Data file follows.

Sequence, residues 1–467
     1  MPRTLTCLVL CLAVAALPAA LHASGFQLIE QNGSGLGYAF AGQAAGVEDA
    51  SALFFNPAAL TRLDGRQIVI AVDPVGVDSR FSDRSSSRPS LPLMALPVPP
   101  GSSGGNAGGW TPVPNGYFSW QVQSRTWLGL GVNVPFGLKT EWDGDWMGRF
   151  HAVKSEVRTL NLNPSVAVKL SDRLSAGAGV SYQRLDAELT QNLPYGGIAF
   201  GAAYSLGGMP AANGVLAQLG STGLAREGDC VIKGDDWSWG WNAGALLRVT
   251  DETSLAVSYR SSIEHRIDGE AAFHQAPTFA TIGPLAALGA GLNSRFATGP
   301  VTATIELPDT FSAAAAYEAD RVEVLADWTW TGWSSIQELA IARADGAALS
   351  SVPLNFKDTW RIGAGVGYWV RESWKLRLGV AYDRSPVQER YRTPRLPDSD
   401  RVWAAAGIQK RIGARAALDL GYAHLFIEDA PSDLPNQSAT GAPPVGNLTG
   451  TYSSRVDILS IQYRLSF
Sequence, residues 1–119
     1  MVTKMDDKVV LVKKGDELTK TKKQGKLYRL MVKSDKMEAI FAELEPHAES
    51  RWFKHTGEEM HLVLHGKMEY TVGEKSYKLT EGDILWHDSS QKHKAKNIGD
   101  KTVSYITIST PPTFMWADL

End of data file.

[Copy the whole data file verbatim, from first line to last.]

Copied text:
Sequence, residues 1–467
     1  MPRTLTCLVL CLAVAALPAA LHASGFQLIE QNGSGLGYAF AGQAAGVEDA
    51  SALFFNPAAL TRLDGRQIVI AVDPVGVDSR FSDRSSSRPS LPLMALPVPP
   101  GSSGGNAGGW TPVPNGYFSW QVQSRTWLGL GVNVPFGLKT EWDGDWMGRF
   151  HAVKSEVRTL NLNPSVAVKL SDRLSAGAGV SYQRLDAELT QNLPYGGIAF
   201  GAAYSLGGMP AANGVLAQLG STGLAREGDC VIKGDDWSWG WNAGALLRVT
   251  DETSLAVSYR SSIEHRIDGE AAFHQAPTFA TIGPLAALGA GLNSRFATGP
   301  VTATIELPDT FSAAAAYEAD RVEVLADWTW TGWSSIQELA IARADGAALS
   351  SVPLNFKDTW RIGAGVGYWV RESWKLRLGV AYDRSPVQER YRTPRLPDSD
   401  RVWAAAGIQK RIGARAALDL GYAHLFIEDA PSDLPNQSAT GAPPVGNLTG
   451  TYSSRVDILS IQYRLSF
Sequence, residues 1–119
     1  MVTKMDDKVV LVKKGDELTK TKKQGKLYRL MVKSDKMEAI FAELEPHAES
    51  RWFKHTGEEM HLVLHGKMEY TVGEKSYKLT EGDILWHDSS QKHKAKNIGD
   101  KTVSYITIST PPTFMWADL